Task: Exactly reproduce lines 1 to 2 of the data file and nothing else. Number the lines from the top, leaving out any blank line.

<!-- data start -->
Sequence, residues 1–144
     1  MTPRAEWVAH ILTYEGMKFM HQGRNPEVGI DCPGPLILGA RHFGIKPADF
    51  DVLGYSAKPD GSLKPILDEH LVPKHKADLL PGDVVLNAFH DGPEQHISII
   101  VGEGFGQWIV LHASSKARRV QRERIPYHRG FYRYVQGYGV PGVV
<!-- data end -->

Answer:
Sequence, residues 1–144
     1  MTPRAEWVAH ILTYEGMKFM HQGRNPEVGI DCPGPLILGA RHFGIKPADF